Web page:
It’s been over a week since I lost my aunt, my mother’s sister, who was pretty much like another mother to me. She’s always lived really close to us, so we were either over her house or she was at ours. Her sons, my cousins, have always been like brothers to me, and she always treated my sister and I like the daughters she never had. Our family is tight, so losing her is like losing a major piece to a puzzle that will forever be incomplete.
I was preparing to write a post on dealing with loss, after my aunt succumbed to what was ailing her. But helping to write her obituary and preparing for her funeral over the past week was somewhat cathartic, and enabled me to remember all of the great things about her – and there are PLENTY. I’ve been really sad this week, and I know that feeling won’t go away anytime soon, but I’m also so happy that she was a part of my life and a part of our family. I feel that we’re all better people for having had her and known her. Instead of focusing on our loss, I want to highlight just a few of the great memories I have of her:
Her incessant positivity and optimism
One thing I loved most about my aunt was her positive spirit. I can count on one hand the times I’ve seen her really mad or upset. She was always happy, always smiling, always laughing, and just had a very optimistic outlook on life. You could talk to her about anything, and she always had a positive take on it. Despite any challenges she faced, she never let them hold her back or impact her mood. She was very social, and loved to attend all sorts of events, and made a point to do so, no matter how she was feeling. She was always so inspiring, happy, spirited, and fun to be around.
Her work ethic and leadership ability
My aunt was one of those people who was an incredibly hard worker and a natural born leader. She began her career in education as a history teacher, but encouraged one of her friends/colleagues to pursue a math teacher certification with her. She later went on to pursue certification to become an assistant principal, then a principal. I remember meeting teachers at her various schools who would rave about her leadership, her strong work ethic, her mentorship and her guidance. I always admired her strong and capable, confident and firm, pleasant style of leading others. And I also admired her dedication to her students and faculty. She often started her day at 6 am and didn’t get home until midnight, just to do it again the next day. Outside of work, she was very involved in community, as well as her sorority, Alpha Kappa Alpha, Inc.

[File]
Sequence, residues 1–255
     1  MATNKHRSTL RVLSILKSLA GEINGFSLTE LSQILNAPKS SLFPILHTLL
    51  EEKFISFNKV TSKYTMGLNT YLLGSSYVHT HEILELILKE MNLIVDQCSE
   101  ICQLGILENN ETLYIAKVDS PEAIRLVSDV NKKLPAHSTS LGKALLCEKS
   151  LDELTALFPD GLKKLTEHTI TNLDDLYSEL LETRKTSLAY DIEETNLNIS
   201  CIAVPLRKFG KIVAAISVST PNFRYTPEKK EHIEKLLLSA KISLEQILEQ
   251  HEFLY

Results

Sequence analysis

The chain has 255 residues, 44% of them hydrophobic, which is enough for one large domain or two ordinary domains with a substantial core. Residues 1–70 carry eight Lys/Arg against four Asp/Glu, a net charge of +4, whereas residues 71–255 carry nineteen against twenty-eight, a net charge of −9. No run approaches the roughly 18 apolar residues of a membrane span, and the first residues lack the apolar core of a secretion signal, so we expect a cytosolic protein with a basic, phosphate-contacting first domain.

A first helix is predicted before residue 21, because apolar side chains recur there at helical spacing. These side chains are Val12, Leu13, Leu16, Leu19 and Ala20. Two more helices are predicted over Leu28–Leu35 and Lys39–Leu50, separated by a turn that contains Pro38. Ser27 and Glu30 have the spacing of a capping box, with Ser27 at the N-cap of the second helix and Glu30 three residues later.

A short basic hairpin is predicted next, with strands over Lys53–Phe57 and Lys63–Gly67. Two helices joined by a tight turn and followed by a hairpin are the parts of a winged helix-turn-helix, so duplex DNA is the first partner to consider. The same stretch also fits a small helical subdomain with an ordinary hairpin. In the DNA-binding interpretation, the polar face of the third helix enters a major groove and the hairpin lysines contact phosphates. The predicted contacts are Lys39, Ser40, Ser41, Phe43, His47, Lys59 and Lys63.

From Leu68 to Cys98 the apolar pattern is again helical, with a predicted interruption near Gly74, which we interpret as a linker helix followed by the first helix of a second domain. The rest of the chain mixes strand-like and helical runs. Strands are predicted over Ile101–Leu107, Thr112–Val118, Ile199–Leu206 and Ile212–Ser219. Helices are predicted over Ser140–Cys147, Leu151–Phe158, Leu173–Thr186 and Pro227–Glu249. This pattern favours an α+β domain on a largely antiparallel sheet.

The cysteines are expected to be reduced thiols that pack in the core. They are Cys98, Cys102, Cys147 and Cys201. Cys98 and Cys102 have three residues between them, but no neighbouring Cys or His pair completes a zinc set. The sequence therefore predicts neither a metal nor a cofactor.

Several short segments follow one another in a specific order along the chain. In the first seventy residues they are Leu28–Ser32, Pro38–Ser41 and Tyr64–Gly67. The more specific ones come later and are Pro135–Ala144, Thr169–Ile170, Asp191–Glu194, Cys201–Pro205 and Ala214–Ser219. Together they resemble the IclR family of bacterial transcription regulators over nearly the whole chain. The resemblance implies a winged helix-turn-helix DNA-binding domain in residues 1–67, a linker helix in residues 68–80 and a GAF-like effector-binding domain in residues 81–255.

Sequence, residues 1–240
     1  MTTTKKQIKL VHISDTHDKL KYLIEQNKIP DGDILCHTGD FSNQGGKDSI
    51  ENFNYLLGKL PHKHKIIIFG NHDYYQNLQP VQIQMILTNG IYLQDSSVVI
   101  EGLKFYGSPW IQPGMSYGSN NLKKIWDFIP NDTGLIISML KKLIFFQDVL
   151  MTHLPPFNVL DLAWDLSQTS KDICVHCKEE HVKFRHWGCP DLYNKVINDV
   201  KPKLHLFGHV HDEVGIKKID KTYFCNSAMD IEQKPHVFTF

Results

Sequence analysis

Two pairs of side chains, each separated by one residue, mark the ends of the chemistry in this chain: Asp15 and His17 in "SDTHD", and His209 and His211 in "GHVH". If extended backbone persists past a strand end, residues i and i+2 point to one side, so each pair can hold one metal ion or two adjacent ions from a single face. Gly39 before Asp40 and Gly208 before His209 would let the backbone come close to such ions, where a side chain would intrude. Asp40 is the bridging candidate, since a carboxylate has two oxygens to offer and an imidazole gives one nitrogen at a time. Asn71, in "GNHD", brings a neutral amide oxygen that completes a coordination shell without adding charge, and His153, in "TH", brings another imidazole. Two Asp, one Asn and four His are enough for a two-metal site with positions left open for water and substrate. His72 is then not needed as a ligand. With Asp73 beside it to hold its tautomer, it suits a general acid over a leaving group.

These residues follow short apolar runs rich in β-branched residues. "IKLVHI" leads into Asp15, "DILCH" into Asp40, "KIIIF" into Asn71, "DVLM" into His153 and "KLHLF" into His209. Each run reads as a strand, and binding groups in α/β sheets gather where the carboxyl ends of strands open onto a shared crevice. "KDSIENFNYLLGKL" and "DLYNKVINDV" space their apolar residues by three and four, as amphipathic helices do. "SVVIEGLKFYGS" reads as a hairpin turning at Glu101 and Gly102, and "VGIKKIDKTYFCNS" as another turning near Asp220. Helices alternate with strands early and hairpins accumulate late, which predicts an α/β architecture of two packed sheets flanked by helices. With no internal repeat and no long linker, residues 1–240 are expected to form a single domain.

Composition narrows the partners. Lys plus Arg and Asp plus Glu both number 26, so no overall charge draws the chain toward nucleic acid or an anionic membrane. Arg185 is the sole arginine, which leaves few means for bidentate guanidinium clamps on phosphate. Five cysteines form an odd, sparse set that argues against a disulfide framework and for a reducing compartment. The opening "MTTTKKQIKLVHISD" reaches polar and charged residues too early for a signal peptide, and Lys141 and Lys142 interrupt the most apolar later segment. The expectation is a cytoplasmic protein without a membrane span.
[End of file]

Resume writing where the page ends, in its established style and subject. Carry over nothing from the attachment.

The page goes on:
Her knowledge and intelligence
My aunt was brilliant, and a math whiz. Math is not one of my strengths, so I always struggled with it in school. But she tutored me, in a very patient manner, helping me to understand the problems and work until I got them. She assisted me with learning the math I needed at various levels of my education, and helped me get into the best middle and high school in Philadelphia, as well as prep for my PSATs and my SATs.
There is no one I know who had a greater knowledge of history than my aunt. She was a major history buff and very well-versed in current events and politics. Whenever we played family games consisting of some sort of historical trivia, she always had the right answers. She could run down names, dates, and the entire span of the events. It was like listening to an encyclopedia come to life! But in an engaging and interesting way. She also loved to talk politics, and enjoyed a healthy debate. I loved verbally sparring with her, as did others (in a lighthearted way, of course). And I always learned a new thing or two because she was on top of everything newsworthy.
Additionally, she loved to read – particularly historical non-fiction. I would buy her nothing but books for her birthday or Christmas and she would enjoy curling up on the couch to binge read them. One of her recent faves that I bought her was The Warmth of Other Suns: The Epic Story of America’s Great Migration, by Isabel Wilkerson. She raved on and on about this book so much that I am now getting around to reading it. I just wish I could discuss it with her. 🙁
Even though I’m incredibly sad to lose my aunt, my memory of her is inspiring me to be a better person. I’ve always been one to continuously seek knowledge (via watching the news, reading newspapers and countless books), but thinking about how she embraced learning at every stage of her life, makes me want to learn even more. And I’d already embraced more positivity in my life, but remembering how her mood always remained pleasant, even while dealing with difficult situations, has inspired me to strive for even more positivity and optimism in my life, and to choose happiness every day. Life’s too short for anything else!
Are you dealing with loss? Here are some suggestions of books I’m reading/planning on reading:
The Holy Bible
Things I Wish I Knew Before My Mom Died: Coping with Loss Every Day by Ty Alexander
Grieving the Loss of Someone You Love: Daily Meditations to Help You Through the Grieving Process by Raymond R Mitsch
When You Need Healing by Adam Houge
Beauty for Ashes: Receiving Emotional Healing by Joyce Meyer
The Shack by William P. Young